Writing is a huge and complex beast. Harry Bingham once said the trouble with writing, unlike visual art, is that you can’t take a glance at the finished product. You can look at all the details independently. You can get a sense of what’s happening at the word, sentence, or paragraph level. You might even be able to visualize a whole chapter at once, if you’ve got half an hour.
But you can’t just sit back and easily take in an entire piece of writing like you can, say, a painting or a sculpture.
For this reason, I can spend quite a lot of work time staring out in space, trying to visualize stories in my mind. (Yes, I'm still working when I do that. Without the thinking, the writing would never happen.) I freewrite in my handy-dandy Rocketbook. I use notecards or my trusty writing software, Dabble, to shuffle things around. I make spreadsheets where I map out word counts, timelines, and whose perspective we’re following.
But, sadly, I can't get a really good look at the piece without reading the whole of it. And that takes time.
One of the hardest things for me has always been figuring out where to start. And I guess that's because the story's always happening. Life (even fictional characters') is a film that's constantly rolling, and it's hard to know at what point to let the viewer - er, the reader - in. Too early, and they might lose interest. Too late, and they might get confused.
Here are some sample beginnings from an essay I wrote.
I was picking up speed and about to merge onto the highway. I looked over my shoulder to assess the oncoming traffic. Big 18-wheeler in the second lane, but the first was clear. Easy peasy. Except when I turned to face forward, everything went black.
Nope. We're already into the action here, and there's some crucial background left out. What happened before everything went black? Why did it go black? In a book, some writers will use a scene like this as a prologue, starting in the middle to get readers intrigued before going back to the beginning and showing what was happening. But for the story I was trying to tell, this got into the action a little too quickly.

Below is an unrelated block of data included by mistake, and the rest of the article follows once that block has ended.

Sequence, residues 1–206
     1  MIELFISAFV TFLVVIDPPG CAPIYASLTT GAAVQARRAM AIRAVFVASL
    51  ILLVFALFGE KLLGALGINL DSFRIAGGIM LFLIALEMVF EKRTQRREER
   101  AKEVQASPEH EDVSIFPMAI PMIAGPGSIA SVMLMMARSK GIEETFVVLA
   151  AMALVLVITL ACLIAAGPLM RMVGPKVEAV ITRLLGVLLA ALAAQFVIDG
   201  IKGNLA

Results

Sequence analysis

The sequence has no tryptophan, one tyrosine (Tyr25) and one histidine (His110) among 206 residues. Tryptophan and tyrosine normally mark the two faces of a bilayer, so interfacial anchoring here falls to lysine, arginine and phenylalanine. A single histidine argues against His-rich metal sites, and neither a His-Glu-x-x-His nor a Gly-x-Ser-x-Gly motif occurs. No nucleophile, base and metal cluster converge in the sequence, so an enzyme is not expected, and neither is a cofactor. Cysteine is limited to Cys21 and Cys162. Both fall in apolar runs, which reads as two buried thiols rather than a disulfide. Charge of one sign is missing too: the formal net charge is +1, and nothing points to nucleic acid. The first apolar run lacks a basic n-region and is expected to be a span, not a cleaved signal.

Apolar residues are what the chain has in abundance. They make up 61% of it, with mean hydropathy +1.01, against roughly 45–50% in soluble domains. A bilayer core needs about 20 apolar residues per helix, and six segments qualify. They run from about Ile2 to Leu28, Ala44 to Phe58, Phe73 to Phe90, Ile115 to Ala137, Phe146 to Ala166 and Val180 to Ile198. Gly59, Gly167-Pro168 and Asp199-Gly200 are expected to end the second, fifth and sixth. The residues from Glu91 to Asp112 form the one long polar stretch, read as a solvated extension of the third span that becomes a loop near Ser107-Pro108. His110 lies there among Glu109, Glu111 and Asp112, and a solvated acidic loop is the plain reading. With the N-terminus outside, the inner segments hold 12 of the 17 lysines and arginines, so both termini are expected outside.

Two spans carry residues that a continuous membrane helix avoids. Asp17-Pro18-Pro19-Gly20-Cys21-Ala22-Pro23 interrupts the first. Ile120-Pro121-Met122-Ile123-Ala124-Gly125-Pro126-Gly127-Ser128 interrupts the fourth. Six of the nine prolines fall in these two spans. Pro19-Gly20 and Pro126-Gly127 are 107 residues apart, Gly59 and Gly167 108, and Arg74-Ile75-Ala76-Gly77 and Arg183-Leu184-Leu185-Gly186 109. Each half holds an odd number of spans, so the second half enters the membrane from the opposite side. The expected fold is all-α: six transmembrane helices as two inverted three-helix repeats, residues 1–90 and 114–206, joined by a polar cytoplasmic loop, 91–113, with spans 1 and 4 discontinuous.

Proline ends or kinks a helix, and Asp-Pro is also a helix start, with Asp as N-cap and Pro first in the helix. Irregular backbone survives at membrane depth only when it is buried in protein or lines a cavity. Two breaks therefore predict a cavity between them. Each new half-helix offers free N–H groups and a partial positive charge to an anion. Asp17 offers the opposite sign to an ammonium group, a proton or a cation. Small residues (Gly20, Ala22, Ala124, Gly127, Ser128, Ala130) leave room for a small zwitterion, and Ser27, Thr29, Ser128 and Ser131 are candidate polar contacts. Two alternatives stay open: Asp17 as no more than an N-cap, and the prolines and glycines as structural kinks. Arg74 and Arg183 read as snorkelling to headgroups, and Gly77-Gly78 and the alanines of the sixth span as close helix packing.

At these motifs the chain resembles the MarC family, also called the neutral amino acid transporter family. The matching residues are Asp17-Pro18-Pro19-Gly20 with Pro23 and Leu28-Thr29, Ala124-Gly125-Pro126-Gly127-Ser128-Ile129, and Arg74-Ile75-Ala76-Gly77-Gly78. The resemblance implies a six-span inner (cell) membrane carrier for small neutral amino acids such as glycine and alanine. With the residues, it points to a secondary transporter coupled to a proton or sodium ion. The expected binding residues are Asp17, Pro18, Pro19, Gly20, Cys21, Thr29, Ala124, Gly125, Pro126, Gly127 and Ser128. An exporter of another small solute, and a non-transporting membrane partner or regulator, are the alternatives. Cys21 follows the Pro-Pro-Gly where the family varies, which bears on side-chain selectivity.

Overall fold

Back in high school, I used to wake up with a stabbing pain in my gut. My doctors couldn't figure out what it was, even after about a dozen tests. One doctor even prescribed antidepressants, in an effort to see if decreasing my stress level would help. (Spoiler: it didn't.)
Bo-ring! This is good background, but if you don't know me, you aren't likely to care too much about this background. It can easily be peppered into the actual story in a way that doesn't bore the reader.
I needed something in the sweet spot between providing so much background that the reader gets bored and stops reading before the story really gets going, and thrusting them into a scene that's compelling but confusing because they don't have enough information to make sense of it.
Finding this balance has been the absolute bain of my existence for as long as I've been a writer and storyteller. I think I've gotten better over time, but that doesn't mean I'm any good at it.
Here's that essay. I'd love to know what you think about how I ended up beginning it. Ping me in the comments and let me know!
Oh, speaking of endings. That's another troublesome one for me. Stay tuned for more on that.
School is back in session, and with it comes a Rorschach of emotions that seem harder to process the more I think about them.
There’s the normal uncertainty that comes up when we send our kids out into the world. Will my kids be challenged? Will they get the support they need? Will their teachers be effective yet also have the right personality to keep the kids engaged and feeling safe? Will they learn what they need to learn? Will they be good friends and nice classmates?
But this year, there is so much more than that. This year, all the usual suspects are joined by a low-level fear that I don’t see going away anytime soon.